Even without physical access to your computer or knowledge of any of your passwords, malicious spyware programs can infect your devices and networks. There is a ton of spyware out there. Some of it monitors your personal usage and browsing preferences and is used by marketing departments in order to more precisely target you with their advertising. Other spyware is there to purloin your personal data.
One of the most sinister is categories of spyware is keylogger software. It records and transmits the record of all the keys pressed on your keyboard, which renders it possible to steal PINs, passwords, and credit card numbers. Virtually all of it is designed to operate without you knowing it is there. This makes it imperative to run a legitimate anti-spyware program on your network.
Not all keylogger programs are bad
Information Technology companies use keyloggers to troubleshoot computer problems. These programs can also be used by you or your business to keep an eye on how the network is used by people without their direct knowledge. Parents like them as part of their at-home parental control plan. But malicious people can put keyloggers onto public computers to steal private information like passwords and credit card numbers.
What information can a keylogger harvest?
Although the possibilities are varied, a keylogger can usually do these things:
- capture the passwords of users
- preform screen captures of the computer regularly
- make a record of the URLs visited by browsers
- make lists of the applications users run on the machine
- capture entire instant messaging sessions
- collect copies of emails that have been sent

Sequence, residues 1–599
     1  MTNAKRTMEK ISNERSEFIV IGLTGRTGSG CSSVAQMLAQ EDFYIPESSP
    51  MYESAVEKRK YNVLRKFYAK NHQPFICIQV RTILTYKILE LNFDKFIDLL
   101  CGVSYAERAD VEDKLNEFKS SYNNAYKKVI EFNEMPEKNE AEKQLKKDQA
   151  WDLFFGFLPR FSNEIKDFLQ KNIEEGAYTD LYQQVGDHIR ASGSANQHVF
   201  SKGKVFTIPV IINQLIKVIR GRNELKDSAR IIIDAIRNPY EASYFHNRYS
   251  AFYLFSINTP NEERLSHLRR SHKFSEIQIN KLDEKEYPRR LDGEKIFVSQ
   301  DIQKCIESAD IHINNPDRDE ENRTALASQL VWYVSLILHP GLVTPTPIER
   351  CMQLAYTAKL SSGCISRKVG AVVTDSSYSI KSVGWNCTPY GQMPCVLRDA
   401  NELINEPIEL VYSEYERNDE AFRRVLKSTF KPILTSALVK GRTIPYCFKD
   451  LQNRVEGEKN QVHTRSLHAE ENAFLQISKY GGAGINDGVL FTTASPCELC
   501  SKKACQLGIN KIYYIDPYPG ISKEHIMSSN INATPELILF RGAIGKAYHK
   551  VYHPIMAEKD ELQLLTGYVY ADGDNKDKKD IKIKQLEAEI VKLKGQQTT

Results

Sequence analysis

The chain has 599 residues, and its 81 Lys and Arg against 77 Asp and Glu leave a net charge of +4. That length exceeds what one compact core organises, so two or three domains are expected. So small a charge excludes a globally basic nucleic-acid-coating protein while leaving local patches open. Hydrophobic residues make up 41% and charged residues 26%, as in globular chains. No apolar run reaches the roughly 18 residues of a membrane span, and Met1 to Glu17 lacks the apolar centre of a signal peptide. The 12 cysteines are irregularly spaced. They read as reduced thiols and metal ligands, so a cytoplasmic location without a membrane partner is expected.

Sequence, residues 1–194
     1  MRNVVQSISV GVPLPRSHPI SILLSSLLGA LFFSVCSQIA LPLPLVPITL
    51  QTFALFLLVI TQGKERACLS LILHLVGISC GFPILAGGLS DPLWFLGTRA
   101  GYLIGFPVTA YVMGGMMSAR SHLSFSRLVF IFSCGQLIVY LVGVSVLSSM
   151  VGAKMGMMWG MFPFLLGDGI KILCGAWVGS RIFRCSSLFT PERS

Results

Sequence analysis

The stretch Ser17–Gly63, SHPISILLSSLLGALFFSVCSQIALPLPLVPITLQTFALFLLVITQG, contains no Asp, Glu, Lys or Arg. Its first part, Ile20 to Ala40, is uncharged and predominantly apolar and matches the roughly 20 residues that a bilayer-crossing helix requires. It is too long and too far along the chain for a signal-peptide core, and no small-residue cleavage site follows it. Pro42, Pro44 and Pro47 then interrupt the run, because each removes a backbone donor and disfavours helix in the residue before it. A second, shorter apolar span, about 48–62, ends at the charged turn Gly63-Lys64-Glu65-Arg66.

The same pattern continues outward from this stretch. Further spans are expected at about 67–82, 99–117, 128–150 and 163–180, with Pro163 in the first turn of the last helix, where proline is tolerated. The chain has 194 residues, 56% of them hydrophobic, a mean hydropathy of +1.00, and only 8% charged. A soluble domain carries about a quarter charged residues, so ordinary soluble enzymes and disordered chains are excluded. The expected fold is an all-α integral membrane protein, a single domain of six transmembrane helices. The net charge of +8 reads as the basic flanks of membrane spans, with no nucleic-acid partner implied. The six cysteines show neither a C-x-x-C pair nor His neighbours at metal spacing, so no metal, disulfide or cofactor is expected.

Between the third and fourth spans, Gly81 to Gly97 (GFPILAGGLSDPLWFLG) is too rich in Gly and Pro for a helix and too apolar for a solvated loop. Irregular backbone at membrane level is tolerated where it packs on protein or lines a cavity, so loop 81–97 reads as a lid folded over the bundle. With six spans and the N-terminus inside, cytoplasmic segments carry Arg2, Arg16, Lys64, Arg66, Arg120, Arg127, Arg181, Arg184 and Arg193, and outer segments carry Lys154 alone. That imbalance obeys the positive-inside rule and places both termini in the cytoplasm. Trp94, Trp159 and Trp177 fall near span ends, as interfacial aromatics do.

- automatically forward the reports of stored logs and emails to another location by email, FTP or HTTP.
How to tell whether your device has a keylogger
It can be difficult to detect the presence of a keylogger on a computer. They are usually designed to elude notice. They are often part of a larger malware package. Keylogger programs are available for free on the Internet or through a commercial or private enterprise. They can require different aspects of technology all working together.
Sometimes they will be installed on hidden folders on the system. Or they may be slyly disguised, hiding the program from the operating system task list. Anti-key logging programs are available to protect you from hidden keylogging systems and can be very effective.
Choosing the right keylogger for you
When shopping for a good keylogger for your home or business, consider the following before you decide:
- Will it support your operating system?
- Are its reports easy to find and read? Clearly formatted reports sent to your mailbox are so much easier to use than ones that scatter data all over the hard drive in oddly labeled files.
- Is it well hidden? If not, a savvy user will just find it and disable it.
- Finally, don’t overlook the fact that if it uses too much memory or processing power, it may have a detrimental effect on productivity.